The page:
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Thread: Paper Case for Razors

  1. #1
    Senior Member joamo's Avatar
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    Default Paper Case for Razors

    Paper case Tutorial
    When I began shaving with a straight, I located a razor I had bought a long time ago but never really used. It was stored in the plastic case that it had when purchased. Its fit was rather tight and I managed to break the case one morning while opening it. Snapped it clean off and it was irreparable.
    I decided to design and make a cardstock paper case for my razor as a replacement. Iíve read, in these forums, mention of making paper boxes but couldnít find either tutorials or templates for them. Drawing from past experience in packaging manufacture, I felt this was something I could give to the straight razor community.
    The templates Iíve drawn are primarily for 2 different repurposed materials, empty Puffs brand tissue boxes and hanging/manila folders. Each material has a different thickness and the templates have been adjusted for a good fit in the completed case.
    The tissues boxís printed side will tend to crack when folded as an outside edge, so it is best to have the plain side as the exterior.

    The attached templates are in .pdf format and have been sized to print on letter sized paper.
    The cases consist of 3 separate pieces that friction fit together and the material thickness is critical to a proper fit.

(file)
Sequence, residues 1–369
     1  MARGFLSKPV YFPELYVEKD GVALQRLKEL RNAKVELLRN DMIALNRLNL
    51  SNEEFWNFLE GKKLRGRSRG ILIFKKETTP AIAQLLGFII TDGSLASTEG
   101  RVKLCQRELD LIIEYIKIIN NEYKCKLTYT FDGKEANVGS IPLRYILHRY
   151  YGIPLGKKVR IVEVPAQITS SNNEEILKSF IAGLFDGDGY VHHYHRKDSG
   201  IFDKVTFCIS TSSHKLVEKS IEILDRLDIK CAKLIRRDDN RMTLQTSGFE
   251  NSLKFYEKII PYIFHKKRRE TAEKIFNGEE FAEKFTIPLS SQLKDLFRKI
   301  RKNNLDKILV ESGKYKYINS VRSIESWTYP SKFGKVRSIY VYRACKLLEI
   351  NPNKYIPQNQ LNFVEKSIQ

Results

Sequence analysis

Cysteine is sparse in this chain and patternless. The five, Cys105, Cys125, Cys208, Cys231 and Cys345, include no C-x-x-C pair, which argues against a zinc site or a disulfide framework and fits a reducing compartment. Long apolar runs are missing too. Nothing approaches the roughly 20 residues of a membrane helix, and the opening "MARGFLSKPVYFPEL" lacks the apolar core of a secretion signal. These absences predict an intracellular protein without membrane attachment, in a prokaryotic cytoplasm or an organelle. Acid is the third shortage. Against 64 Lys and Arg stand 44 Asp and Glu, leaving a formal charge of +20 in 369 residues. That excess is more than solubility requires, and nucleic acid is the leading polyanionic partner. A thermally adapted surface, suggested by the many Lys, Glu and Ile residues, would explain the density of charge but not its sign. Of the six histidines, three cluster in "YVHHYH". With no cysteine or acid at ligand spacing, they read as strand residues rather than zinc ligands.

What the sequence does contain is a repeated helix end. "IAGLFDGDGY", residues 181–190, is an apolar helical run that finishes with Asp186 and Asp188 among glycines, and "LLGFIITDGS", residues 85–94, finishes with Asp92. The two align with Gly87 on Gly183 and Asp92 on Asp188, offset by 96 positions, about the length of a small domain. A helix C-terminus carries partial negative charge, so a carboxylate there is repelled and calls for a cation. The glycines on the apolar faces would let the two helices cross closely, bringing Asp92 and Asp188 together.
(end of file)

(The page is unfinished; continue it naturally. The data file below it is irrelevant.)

They have been designed to hold my 5/8 razor and will not fit all razors.
    If you want to make a different size case, using this tutorial, there are 2 options; if you are familiar with CAD software, pm me with your email address and I will send a .dwg file you may modify to suit your needs, if you go this route, please consider posting a .pdf for others to use.
    Option 2, you can send a pm to me with your desired outside dimensions and the thickness /type of material you plan to use in making your case along with your email address. Subject to my availability to design your case, I will email you the template as a pdf and post it for others to use as well.
    Tools needed:
    Cutting board, scotch tape, Exacto knife, straight edge, creasing tool and glue.
    The creasing tool Iím using is a section of bamboo skewer used for ke-babs, with the point rounded off and smoothed. Many other items could work as well. Iím using glue stick, but other glues could be acceptable too. You probably will not want to use your razor instead of the Exacto knife.